The collection of the Budapest History Museum’s Prehistoric and Migration period Department contains almost 390,000 objects.
The collection of the Budapest History Museum’s Prehistorical and Migration period Department contains almost 390,000 objects.
This rich collection from Budapest and its surrounding contains finds ranging in age from the Paleolitic to the Celtic periods, a time span of nearly 50,000 years.
The earliest, approximately 50,000 year-old archeological finds may possibly be assigned to the Middle Paleolithic period. They were brought to light during excavations near the town of Érd at a former hunting (or scavanging) camp that seems to have specializedin cave bear.
Some of this collection’s particularly rich and unique finds includem the Middle Neolithic face-vessels, unearthed in settlements of the Transdanubian Linear Band Culture located near Budapest (e.g. Növény Street, Biatorbágy, Törökbálint, Kőérberek-Tóváros). The Middle Copper Period is represented by finds of the Ludanice Culture, the Stab-and-Drag Pottery Culture and the so-called Protoboleraz Horizon.
Pottery associated with the Late Copper Age Baden Culture could be found in larger settlements of the period: Andor Street, Káposztásmegyer and Békásmegyer. The real highlights of the collection comprise finds of the Early Bronze Age Bell Beaker-Csepel Group, whose settlements may be found concentrated in the surroundings of the capital alone, along the Danube River. The most significant finds came from Albertfalva, Csepel and Békásmegyer. Apart from the urns of Middle Bronze Age Vatya Culture unearthed in a cemetery on Növény Street, ritually hidden bronze and ceramic objects are also well known (Rákospalota, Bekásmegyer, Remete-Felső Cave).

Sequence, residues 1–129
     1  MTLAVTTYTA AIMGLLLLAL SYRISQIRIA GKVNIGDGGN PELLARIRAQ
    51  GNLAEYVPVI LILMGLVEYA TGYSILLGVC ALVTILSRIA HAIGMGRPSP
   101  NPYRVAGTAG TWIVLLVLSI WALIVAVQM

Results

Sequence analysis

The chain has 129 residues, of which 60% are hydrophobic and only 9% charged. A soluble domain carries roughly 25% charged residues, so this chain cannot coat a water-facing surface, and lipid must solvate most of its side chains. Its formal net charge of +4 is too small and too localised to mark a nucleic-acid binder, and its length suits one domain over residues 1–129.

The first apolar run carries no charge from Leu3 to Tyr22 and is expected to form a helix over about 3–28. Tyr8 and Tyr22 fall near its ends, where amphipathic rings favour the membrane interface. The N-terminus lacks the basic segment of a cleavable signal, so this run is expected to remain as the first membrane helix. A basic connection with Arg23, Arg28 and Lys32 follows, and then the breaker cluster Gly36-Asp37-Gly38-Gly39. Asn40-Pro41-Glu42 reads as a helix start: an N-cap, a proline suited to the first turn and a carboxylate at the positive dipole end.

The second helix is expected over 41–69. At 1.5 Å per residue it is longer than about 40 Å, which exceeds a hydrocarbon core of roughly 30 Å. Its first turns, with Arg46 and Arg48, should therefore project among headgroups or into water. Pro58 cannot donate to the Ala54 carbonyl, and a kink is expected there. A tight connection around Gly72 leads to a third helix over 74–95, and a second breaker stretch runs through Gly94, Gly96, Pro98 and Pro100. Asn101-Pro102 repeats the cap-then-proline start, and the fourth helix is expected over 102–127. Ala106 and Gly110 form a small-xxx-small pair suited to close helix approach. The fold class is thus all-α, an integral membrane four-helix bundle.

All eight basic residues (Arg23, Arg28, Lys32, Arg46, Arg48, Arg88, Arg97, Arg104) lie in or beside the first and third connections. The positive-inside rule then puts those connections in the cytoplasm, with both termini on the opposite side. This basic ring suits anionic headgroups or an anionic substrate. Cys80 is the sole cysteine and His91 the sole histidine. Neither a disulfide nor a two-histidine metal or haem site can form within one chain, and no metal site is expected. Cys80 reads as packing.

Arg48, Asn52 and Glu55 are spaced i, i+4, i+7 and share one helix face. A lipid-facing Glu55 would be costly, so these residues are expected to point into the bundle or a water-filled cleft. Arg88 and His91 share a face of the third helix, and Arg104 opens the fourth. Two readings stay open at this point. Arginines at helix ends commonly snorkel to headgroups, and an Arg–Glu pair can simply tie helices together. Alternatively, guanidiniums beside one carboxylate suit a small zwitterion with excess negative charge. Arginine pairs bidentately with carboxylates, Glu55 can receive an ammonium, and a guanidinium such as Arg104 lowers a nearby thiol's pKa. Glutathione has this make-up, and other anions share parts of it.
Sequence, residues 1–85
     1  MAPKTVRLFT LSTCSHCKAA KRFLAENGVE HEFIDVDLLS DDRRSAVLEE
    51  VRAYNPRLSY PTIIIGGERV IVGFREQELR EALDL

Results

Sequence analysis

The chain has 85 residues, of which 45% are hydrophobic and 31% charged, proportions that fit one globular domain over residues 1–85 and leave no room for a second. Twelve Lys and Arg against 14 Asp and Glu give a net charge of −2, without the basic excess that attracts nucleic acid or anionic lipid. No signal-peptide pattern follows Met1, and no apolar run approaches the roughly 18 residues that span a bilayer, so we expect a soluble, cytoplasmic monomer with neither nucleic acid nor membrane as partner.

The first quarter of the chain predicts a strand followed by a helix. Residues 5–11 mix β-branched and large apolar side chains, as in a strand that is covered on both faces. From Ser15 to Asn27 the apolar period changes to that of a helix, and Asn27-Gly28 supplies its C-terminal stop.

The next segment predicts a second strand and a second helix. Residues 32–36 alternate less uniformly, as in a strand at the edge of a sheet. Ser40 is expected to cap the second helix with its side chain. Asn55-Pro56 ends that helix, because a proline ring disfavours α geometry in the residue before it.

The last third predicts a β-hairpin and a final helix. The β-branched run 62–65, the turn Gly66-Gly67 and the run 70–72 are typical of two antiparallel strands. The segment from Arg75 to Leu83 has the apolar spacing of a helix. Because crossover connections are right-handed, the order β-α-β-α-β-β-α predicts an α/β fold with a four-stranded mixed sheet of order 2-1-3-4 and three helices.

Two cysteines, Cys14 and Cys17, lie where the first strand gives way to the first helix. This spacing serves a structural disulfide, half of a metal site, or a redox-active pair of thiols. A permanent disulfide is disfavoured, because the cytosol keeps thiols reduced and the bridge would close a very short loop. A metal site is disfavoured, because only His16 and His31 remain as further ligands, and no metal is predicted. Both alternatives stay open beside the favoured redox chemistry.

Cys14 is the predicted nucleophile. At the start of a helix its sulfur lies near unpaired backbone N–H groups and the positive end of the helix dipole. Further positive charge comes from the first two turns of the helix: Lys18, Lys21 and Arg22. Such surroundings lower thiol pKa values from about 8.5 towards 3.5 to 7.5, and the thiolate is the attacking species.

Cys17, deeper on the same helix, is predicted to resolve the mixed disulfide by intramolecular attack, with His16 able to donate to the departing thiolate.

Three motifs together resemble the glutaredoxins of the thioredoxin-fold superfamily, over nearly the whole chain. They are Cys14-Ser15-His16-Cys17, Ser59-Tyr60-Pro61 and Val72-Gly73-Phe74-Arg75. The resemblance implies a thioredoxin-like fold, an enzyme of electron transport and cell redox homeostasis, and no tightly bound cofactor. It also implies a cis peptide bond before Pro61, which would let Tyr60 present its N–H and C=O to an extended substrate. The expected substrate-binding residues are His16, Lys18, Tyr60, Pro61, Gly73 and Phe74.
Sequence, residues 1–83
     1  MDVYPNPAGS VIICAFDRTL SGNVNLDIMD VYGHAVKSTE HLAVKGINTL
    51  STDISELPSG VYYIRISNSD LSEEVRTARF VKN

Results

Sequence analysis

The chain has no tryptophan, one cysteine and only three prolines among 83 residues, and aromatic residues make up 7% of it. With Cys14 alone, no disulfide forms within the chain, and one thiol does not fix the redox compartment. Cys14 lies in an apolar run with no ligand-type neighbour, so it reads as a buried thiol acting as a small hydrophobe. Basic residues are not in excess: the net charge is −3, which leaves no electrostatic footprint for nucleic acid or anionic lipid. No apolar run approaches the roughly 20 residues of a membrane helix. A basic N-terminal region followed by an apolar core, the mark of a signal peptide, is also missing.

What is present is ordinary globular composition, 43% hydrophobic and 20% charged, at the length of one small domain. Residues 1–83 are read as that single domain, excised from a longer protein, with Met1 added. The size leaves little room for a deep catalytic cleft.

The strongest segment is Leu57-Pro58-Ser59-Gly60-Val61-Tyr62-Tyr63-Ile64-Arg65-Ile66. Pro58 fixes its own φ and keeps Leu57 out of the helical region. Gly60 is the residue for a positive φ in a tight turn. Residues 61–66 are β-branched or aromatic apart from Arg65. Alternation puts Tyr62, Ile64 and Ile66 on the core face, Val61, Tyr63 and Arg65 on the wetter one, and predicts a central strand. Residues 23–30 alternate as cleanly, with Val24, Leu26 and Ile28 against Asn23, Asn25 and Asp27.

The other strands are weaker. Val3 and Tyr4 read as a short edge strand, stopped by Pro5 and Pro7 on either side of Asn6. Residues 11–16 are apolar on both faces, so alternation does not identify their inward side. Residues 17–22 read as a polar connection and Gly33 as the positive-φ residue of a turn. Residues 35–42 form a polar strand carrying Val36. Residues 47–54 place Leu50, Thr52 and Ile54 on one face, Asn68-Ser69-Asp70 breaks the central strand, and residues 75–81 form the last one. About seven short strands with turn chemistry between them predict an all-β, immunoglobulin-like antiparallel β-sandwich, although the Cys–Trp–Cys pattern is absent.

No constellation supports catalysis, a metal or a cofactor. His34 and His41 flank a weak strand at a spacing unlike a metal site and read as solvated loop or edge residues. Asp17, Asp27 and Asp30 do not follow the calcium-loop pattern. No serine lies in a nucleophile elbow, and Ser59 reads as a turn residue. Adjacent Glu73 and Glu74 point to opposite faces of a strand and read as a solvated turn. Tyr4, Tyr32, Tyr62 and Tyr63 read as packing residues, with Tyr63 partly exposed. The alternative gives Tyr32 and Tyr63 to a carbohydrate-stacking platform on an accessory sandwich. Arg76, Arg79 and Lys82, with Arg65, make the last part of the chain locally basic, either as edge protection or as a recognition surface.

The sensational find group containing more then hundred sacred ceramic vessels, dating to the so-called Tumulus Period, ame to light during the demolition of the Skála Shopping Center.
Cultic grave contents (bootpots, ”magic tools”, bird-shaped pots etc.) of Europe-wide significance connected to the Late Bronze Age Urn-field Culture are known from the unique cemetery in Békásmegyer.
Large-scale excavations carried out on the slopes of Csúcs-hill and Kőérberek revealed large and unique graphite patterned vessels connected to the Early Iron Age Hallstadt culture. Recently, a Scythian Period cemetery has been found in Soroksár.
The most significant pieces from the Late Iron Age Celtic period were unearthed in the Csepel Sewage Treatment area and come from a La Tene B-C Period cemetery and a site at in the Tabán area of Budapest that survived into the Roman period.
Of particular note is the fortified site (oppidum) lying on the southern slopes of Gellért hill. This major settlement was built and inhabited by people of the Celtic, Eraviscus tribe.
The most beautiful and most significant finds are exhibited in the Buda Castle, in our permanent exhibition “Ancient peoples, Antique cultures” and in the Visual Storage section of the Aquincum Museum.